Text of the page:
Powerful Buying Strategies

1. Get "Pre-Approved" - Not "Pre-qualified!"

Do you want to get the best property you can for the least amount of 
money? Then make sure you are in the strongest negotiating position 
possible. Price is only one element in the negotiations, and not  necessarily the most important one. Often other terms, such as the 
strength of the buyer or the length of escrow, are critical to a seller. 

In years past, I always recommended that buyers get "pre-qualified" by a lender. This meant spending a few minutes on the phone with a lender who asked a few questions.  Based on the answers, the lender pronounced you "pre-qualified" and issued a certificate to show to a seller.  Since then, sellers have become aware that such certificates are WORTHLESS, because none of the information has been verified! 

Some of the problems that are found during verification include: recorded judgments, alimony payments due, credit report problems, and unseasoned down payments (those that have not been in the clients' bank account long enough to satisfy the lender).

So the way to make the strongest offer today is to get "pre-approved." This happens AFTER all information has been verified.  The process takes anywhere from a few days to a few weeks depending on your situation. It's VERY POWERFUL and a weapon I recommend all my clients have in their negotiating arsenal. 

2. Sell Your Property First, Then Buy the House 

If you have a house to sell, sell it before selecting a house to buy! Offers with contingencies on selling a house aren't nearly as strong as ones that come in with a ready, willing and able buyer.  Consider this scenario: You've found the perfect house - now you  
make an offer to the seller.  You want the seller to reduce his price and wait until you sell your house.  The seller considers this to be too risky, he might be passing up a new buyer who DOESN'T have to sell a house.  

Thus, if he agrees to your contingency, he insists on receiving full price.  So, you have now paid more for the house than you would have without the contingency, and you have to sell your existing house in a hurry or you lose the house!  So you accept an offer that's lower than if you had had more time. The bottom line is that buying before selling might cost you THOUSANDS of dollars. 

If you're concerned that there is not a house on the market for you, then go on a window-shopping trip. You can identify possible houses and locations without falling in love with a specific house. If you feel confident after that then put your house on the market.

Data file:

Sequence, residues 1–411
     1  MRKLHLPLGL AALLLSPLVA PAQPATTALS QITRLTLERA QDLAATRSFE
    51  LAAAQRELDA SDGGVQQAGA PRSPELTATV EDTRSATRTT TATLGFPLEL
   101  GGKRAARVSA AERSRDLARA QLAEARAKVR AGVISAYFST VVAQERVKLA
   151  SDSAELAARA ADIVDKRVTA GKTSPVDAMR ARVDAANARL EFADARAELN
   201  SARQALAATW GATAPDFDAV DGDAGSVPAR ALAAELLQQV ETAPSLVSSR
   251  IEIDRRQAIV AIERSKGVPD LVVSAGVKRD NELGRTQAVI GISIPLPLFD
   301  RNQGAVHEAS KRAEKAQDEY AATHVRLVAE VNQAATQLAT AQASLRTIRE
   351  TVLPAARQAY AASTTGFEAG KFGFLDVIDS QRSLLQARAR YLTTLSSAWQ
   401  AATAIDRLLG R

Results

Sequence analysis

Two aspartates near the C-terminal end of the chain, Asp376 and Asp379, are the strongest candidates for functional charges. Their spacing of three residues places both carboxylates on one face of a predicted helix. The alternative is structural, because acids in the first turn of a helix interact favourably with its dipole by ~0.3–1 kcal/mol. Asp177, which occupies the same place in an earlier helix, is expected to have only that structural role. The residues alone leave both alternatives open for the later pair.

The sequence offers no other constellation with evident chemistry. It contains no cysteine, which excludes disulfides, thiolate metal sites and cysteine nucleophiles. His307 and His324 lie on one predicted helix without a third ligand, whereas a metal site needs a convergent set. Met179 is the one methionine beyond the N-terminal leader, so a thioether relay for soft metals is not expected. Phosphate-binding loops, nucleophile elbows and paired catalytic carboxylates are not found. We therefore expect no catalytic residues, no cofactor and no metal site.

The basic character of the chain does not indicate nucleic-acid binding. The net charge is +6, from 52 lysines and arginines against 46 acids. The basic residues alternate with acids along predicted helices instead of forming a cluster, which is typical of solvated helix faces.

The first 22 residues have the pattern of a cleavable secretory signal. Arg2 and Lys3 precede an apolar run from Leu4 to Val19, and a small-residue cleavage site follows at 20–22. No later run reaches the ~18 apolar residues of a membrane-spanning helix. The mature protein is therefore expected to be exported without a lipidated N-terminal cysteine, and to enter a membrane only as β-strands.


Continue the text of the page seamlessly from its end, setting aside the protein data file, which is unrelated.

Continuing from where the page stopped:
Another tactic is to make the sale "subject to seller finding a suitable 
replacement."  Adding this phrase to the listing means that WHEN YOU DO FIND A BUYER, you will have some time to find the new place. If you don't find anything to your liking, you don't have to sell your present home.

3. Play the Game of Nines 

Before house hunting, make a list of things you want in the new place. Then make a list of the things you don't want. You can use this list as a guide to rate each property that you see. The removes some of the emotion from the decision and helps to keep things in perspective when you're comparing many homes. 

When house hunting, remember to keep in mind the difference between "STYLE AND SUBSTANCE." the location, view, size of lot, noise, school district, and floor plan.  STYLE represents easily-changed finishes such as carpeting, wallpaper, paint colors, and window coverings. Buy the house with good SUBSTANCE, because you can change the rest in time, and try to not be taken by the seller's decorating skills. 

4. Don't Be Pushed Into Any House 

Your agent should show you everything available that meets your 
requirements. Don't make a decision on a house until you feel that 
you've seen enough to pick the best one. 

Recently, homes were selling quickly, usually a few days after listing. 
In that kind of market, agents advised their clients to make an offer 
ON THE SPOT if they liked the house. Today, there isn't always this urgency, so unless a home is drastically underpriced, and you'll know if it is, take some time. Don't forget to check into the SCHOOL DISTRICT. Information is available on every school; such as class 
sizes, percentage of students that go on to college, SAT scores, etc. 

Please be very careful when reading ads. Remember that the writer represents the seller, not you. The most important thing you can do is have someone on your side looking out for your interests. So whether you decide to work with me or not, pick an agent you feel comfortable with and enlist the services of that agent as a buyer's broker. You will then receive his/her legal obligation to work hard for you.

5.  What are some tips on negotiation?

The more you know about a seller's motivation, the stronger a negotiating position you are in. For example, seller who must move quickly due to a job transfer may be amenable to a lower price with a speedy escrow. Other so-called "motivated sellers" include people going through a divorce or who have already purchased another home.   Remember, that the listing price is what the seller would like to receive but is not necessarily what they will settle for. Before making an offer, check the recent sales prices of comparable homes in the neighborhood to see how the seller's asking price stacks up. 

Some experts discourage making deliberate low-ball offers. While such an offer can be presented, it can also sour the sellers and discourage them from negotiating at all.

6.  Do sellers have to disclose the terms of other offers?

Sellers are not legally obligated to disclose the terms of other offers to prospective buyers but are allowed to do so by law.



Donna States
Donna States
Broker